Q: What keeps you optimistic throughout your life?
A: The obvious answer for a chaplain to give, of course, is my faith, and that really is the case. However, I also would include music, fine gardens, art, literature, theatre, poetry, exercise, sleep, hugs, chocolate and Ben and Jerry’s ice cream (any ice cream, really).
Q: How did you find yourself where you are today?
A: By grace, by trial-and-error, by failure and by answering calls both divine and very human.
Q: If you could give advice to a large group of people, what would it be?
A: Don’t listen to me.
Q: Who would you say are the most important people in
A: Of course, my husband, Kevin, who continues to be my favorite person in the whole world, and my daughter, Elysia, who talks even more than I do, which is truly incomprehensible.
Q: How do you like to spend your evenings?
A: How do you like to spend your evenings?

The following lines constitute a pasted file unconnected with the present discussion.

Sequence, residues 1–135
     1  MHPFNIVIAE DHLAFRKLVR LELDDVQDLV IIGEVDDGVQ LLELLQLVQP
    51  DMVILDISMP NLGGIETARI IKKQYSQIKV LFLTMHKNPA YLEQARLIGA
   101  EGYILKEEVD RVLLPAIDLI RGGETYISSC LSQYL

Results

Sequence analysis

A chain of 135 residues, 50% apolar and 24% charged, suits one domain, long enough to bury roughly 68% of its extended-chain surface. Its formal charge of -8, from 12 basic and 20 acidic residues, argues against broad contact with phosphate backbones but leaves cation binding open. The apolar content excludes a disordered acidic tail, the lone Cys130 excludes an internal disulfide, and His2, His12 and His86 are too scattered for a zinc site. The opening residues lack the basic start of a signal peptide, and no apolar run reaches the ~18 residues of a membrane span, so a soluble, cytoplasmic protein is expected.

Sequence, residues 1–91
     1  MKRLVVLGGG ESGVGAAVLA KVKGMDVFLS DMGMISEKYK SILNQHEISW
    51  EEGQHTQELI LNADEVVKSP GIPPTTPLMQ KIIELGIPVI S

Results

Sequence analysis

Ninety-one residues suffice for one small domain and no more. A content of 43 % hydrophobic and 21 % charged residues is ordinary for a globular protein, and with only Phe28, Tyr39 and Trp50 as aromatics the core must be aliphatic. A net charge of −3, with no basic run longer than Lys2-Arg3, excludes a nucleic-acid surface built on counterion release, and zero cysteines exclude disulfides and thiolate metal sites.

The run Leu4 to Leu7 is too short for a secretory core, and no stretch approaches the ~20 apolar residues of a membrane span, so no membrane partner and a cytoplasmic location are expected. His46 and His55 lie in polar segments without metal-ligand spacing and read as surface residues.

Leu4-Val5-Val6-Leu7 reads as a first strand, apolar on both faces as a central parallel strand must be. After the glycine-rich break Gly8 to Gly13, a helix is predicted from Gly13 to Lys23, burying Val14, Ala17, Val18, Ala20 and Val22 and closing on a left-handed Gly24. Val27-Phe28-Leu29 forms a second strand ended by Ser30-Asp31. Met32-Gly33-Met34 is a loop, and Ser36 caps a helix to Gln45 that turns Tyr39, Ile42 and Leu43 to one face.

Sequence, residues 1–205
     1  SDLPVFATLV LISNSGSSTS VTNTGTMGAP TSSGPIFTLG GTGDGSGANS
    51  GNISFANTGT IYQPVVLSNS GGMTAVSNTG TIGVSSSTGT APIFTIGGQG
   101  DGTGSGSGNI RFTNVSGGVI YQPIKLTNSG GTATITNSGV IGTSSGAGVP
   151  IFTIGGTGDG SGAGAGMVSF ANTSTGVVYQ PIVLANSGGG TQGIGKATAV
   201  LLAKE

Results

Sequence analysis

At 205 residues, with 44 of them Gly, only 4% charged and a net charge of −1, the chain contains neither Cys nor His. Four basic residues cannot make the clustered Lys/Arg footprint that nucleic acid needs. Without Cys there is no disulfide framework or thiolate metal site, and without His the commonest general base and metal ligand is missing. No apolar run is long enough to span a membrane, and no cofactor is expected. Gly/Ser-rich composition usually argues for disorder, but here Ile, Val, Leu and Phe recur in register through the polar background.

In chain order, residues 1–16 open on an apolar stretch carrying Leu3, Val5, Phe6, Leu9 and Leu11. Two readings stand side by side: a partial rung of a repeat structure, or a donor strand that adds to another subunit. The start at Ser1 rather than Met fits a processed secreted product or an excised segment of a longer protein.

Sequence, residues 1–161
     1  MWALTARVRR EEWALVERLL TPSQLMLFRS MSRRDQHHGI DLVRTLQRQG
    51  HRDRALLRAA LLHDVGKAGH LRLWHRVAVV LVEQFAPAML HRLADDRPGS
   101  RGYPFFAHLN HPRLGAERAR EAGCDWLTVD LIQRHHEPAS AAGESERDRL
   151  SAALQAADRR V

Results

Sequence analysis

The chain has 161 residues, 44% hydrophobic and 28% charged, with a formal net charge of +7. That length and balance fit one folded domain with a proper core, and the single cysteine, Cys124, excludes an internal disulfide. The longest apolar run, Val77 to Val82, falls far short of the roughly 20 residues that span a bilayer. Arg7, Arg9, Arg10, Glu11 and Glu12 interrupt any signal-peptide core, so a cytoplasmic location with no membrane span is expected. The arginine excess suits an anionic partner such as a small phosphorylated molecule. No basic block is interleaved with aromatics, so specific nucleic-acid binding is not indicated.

Q: What is your favorite place on campus?
A: A large tree in the Dell under which many of my first-year
seminars over the years and I have had class outside, sitting
together on the grass in good scholarly conversation and debate.
Q: How do you find joy in the little things?
A: This does not come naturally to me. I’m very achievement oriented, and I tend to dream about and live in the future. I have spent years trying to self-monitor and become aware of when I’m not being mindful or present. I have to regularly practice doing two to three minute centering down breathing to bring myself to focus on the present and the little things. I read my daughter the children’s book “What Does It Mean to be Present?” I think it’s really for me, but she loves it.
Q: What do you like the most about the work that you do at the College?
A: The opportunity to learn every single day, really multiple times a day, from so many people—
colleagues, of course, and students as well.
Q: What do you find challenging about teaching religious studies classes?
A: Trying to convince students that non-science courses are not just “opinion” classes and that there are various ways of “knowing” in each of the academic disciplines.